Kurds to founder own region in northern Syria

  • 17/03/2016
Kurdish soldiers patrol the Syria Turkey border (Reuters)
Kurdish soldiers patrol the Syria Turkey border (Reuters)

Kurdish-controlled areas of northern Syria are expected to declare a federal system, a move likely to further complicate peace talks in Geneva aimed at ending more than five years of war.

Russia pulled more warplanes out of Syria, a new delivery of humanitarian aid reached northern Aleppo province and UN mediator Staffan de Mistura named a Russian academic to his team of advisers in a nod to Moscow's importance in brokering an end to the fighting.

But despite a more than two-week-old "cessation of hostilities" and Russian President Vladimir Putin's decision to pull out some of his country's forces that have tipped the balance of the war in Syrian President Bashar al-Assad's favour, any hopes of a breakthrough at the peace talks in Geneva remain slim.

Russia's defence ministry on Wednesday (local time) reported 10 new ceasefire violations and the Kurds, after being excluded from the talks in Geneva, appeared to be taking matters into their own hands by drawing up plans to combine three Kurdish-led areas of northern Syrian into a federal arrangement.

The three areas already have de facto autonomy and while it was unclear what the new system would entail, there was no indication it would involve a separation from Syria.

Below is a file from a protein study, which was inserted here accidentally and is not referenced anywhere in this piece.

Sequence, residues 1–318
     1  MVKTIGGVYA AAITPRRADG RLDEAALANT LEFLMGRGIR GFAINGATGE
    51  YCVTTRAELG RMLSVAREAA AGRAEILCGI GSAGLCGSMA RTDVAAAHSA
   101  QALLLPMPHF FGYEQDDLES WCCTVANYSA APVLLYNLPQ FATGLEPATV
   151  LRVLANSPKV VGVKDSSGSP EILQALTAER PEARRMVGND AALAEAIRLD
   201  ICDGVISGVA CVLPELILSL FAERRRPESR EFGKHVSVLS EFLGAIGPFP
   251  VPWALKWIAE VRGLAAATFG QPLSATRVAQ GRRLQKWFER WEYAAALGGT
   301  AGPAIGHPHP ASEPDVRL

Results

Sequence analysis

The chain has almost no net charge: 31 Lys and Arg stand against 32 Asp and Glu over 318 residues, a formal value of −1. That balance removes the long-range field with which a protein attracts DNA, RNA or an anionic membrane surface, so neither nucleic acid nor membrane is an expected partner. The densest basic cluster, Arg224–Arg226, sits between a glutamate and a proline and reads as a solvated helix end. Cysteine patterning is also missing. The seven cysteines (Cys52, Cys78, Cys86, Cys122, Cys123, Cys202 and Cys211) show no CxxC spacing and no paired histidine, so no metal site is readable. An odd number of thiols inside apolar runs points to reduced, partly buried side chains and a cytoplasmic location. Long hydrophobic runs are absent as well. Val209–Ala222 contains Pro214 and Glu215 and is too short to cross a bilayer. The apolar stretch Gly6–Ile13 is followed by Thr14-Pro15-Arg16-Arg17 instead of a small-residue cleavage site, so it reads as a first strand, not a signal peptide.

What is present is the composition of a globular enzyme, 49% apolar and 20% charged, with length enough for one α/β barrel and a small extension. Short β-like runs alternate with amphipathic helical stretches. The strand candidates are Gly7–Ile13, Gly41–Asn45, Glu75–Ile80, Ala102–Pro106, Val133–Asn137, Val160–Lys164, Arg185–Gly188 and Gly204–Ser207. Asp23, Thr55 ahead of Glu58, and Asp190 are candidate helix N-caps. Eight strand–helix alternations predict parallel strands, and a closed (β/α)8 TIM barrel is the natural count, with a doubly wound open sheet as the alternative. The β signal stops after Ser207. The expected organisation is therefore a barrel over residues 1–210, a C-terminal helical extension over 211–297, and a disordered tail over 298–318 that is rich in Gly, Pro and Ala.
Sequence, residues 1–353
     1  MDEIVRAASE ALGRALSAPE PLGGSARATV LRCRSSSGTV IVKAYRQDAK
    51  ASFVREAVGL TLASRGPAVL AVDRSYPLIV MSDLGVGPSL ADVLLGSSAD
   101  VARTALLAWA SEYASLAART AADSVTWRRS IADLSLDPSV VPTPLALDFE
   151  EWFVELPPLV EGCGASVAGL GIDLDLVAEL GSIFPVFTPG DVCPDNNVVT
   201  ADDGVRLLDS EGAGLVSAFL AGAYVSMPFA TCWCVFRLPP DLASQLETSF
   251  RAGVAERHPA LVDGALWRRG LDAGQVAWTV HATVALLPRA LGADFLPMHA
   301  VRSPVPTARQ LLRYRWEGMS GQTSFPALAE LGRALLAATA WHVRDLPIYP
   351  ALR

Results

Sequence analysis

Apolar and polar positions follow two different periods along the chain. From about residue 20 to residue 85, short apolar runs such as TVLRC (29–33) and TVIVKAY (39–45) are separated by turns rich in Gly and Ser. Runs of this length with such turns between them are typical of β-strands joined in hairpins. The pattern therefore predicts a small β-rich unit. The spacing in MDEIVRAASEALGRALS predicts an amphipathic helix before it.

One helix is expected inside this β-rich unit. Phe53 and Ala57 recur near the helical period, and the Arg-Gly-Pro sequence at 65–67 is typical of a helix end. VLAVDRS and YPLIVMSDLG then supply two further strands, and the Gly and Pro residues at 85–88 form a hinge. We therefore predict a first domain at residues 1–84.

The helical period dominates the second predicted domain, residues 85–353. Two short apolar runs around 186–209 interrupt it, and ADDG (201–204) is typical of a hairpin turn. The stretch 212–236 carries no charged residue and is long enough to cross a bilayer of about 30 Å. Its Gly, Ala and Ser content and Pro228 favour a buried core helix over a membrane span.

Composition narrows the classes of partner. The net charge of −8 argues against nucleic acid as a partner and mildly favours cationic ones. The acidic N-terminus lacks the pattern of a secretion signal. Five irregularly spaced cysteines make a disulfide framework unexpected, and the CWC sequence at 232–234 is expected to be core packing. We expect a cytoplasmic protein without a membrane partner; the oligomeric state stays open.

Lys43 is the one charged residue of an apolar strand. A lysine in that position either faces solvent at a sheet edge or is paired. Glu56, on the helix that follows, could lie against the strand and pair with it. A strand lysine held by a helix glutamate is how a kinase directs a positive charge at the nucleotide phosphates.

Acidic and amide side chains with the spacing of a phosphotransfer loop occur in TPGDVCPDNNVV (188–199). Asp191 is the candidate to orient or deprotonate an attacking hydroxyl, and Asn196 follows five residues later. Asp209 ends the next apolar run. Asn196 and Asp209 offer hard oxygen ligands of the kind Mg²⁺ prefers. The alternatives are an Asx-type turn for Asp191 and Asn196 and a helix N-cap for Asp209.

The new arrangement, which a conference in the Kurdish-controlled town of Rmeilan agreed would be announced on Thursday, would alarm neighbouring Turkey, which fears growing Kurdish sway in Syria is fuelling separatism among its own minority Kurds.

"Syria's national unity and territorial integrity is fundamental for us. Outside of this, unilateral decisions cannot have validity," a Turkish foreign ministry official said.

The US said on Wednesday it opposed Syrian Kurds forming an autonomous region in northern Syria, but could accept such an arrangement if the Syrians collectively agreed on it.

The Syrian Kurdish YPG militia have been an important ally in the US-led military campaign against Islamic State in Syria, and this has been a point of friction between the US and its NATO ally Turkey.

However, Bashar Ja'afari, head of the Syrian delegation in Geneva, rejected any talk of a federal model for Syria and ruled out direct talks with the main opposition delegation.

The main opposition group's chief negotiator, Mohamad Alloush, said it had not yet decided whether it would hold direct negotiations with "the regime delegation".